Katherine Wade, Post-Doctoral Research Associate, Dickson Poon School of Law, King’s College London
Keywords: surrogacy, children’s rights, UN Convention on the Rights of the Child 1989
This article examines the current regulation of surrogacy in England from a children’s rights perspective. It draws on the UN Convention on the Rights of the Child 1989 and its Optional Protocols, as well as General Comments and Concluding Observations from the Committee on the Rights of the Child, in order to analyse the extent to which the current regulatory framework on surrogacy is in line with a children’s rights approach. A children’s rights approach draws attention to the need for a holistic framework that protects the various rights of children at all stages of their childhood. It stresses the importance of ensuring the framework is participatory, in that it incorporates the views and experiences of children. It also recognises the central role of parents in protecting children’s rights and the need for State support in this regard. The article makes suggestions for reform, focusing primarily on children’s right to know and be cared for by their parents, commercial surrogacy, the involvement of children in counselling and the protection of children’s rights in inter-country surrogacy arrangements.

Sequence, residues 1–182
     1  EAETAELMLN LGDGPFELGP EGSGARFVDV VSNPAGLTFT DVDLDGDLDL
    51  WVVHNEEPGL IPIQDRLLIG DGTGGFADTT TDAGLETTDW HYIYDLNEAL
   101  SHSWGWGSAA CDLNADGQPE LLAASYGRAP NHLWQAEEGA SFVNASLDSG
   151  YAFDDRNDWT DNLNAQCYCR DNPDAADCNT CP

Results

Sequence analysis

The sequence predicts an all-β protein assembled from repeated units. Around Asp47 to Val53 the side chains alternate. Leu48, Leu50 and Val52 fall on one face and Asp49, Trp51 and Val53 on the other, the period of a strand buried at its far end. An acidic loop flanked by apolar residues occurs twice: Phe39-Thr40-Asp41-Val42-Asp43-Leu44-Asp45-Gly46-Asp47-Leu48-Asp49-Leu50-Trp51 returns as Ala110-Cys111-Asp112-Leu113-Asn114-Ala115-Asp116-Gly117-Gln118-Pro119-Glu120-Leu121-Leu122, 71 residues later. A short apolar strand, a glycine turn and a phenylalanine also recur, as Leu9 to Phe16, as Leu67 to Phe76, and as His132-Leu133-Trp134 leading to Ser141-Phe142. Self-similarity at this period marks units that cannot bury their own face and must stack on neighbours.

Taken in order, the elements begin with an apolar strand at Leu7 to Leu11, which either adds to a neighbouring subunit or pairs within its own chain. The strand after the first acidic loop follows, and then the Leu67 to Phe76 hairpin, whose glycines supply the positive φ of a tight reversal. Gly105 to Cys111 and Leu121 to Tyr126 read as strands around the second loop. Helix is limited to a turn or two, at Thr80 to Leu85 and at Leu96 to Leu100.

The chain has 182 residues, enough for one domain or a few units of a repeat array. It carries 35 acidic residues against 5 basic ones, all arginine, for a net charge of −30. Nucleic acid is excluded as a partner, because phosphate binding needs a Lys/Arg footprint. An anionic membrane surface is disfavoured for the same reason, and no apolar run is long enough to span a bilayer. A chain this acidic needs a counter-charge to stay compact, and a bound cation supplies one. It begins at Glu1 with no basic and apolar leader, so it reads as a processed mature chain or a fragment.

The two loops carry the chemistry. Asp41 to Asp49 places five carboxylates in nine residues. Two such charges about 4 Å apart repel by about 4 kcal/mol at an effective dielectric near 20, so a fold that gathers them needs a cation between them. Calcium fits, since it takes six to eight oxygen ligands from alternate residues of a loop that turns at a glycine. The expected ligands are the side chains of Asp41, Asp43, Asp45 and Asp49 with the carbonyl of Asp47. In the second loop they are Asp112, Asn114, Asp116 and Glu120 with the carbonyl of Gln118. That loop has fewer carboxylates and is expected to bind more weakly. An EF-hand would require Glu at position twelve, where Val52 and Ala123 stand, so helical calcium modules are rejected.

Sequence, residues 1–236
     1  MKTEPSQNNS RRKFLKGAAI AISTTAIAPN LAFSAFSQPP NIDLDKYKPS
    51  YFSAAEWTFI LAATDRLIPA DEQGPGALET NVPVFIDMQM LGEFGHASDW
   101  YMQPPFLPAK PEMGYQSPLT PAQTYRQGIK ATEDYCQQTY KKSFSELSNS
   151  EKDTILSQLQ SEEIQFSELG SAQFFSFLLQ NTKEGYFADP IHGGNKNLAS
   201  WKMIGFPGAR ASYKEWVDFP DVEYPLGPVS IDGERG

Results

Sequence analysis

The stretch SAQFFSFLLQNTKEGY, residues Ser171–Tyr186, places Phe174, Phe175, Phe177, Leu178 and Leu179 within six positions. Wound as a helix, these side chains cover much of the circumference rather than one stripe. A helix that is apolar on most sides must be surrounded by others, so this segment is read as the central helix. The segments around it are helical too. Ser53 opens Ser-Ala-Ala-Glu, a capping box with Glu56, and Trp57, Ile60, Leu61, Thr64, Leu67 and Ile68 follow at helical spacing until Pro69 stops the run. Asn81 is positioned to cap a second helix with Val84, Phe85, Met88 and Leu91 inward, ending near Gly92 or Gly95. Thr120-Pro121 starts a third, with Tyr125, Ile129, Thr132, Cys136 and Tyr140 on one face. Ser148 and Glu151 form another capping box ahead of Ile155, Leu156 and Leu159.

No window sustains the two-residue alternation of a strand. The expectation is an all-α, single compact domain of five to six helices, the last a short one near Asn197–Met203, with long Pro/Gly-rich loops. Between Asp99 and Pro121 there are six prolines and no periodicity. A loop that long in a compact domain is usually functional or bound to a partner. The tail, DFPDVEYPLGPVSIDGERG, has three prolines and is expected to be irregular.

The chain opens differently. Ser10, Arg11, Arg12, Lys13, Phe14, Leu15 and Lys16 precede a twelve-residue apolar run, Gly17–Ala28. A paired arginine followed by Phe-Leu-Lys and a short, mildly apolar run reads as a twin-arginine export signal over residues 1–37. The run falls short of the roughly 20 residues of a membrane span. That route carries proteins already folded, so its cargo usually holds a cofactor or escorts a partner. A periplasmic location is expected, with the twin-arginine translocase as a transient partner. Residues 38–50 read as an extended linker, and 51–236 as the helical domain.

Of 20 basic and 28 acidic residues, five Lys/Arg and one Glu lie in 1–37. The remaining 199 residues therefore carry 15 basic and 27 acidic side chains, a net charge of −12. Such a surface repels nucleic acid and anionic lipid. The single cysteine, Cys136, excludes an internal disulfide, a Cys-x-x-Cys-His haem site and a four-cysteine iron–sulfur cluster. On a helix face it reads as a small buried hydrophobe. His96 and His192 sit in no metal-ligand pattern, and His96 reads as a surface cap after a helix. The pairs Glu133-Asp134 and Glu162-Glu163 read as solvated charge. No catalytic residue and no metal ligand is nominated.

This article has been accepted for publication in Child and Family Law Quarterly in Issue 2, Vol 29, Year 2017. The final published version of this article will be published and made publicly available here 24 months after its publication date, under a CC-BY-NC licence.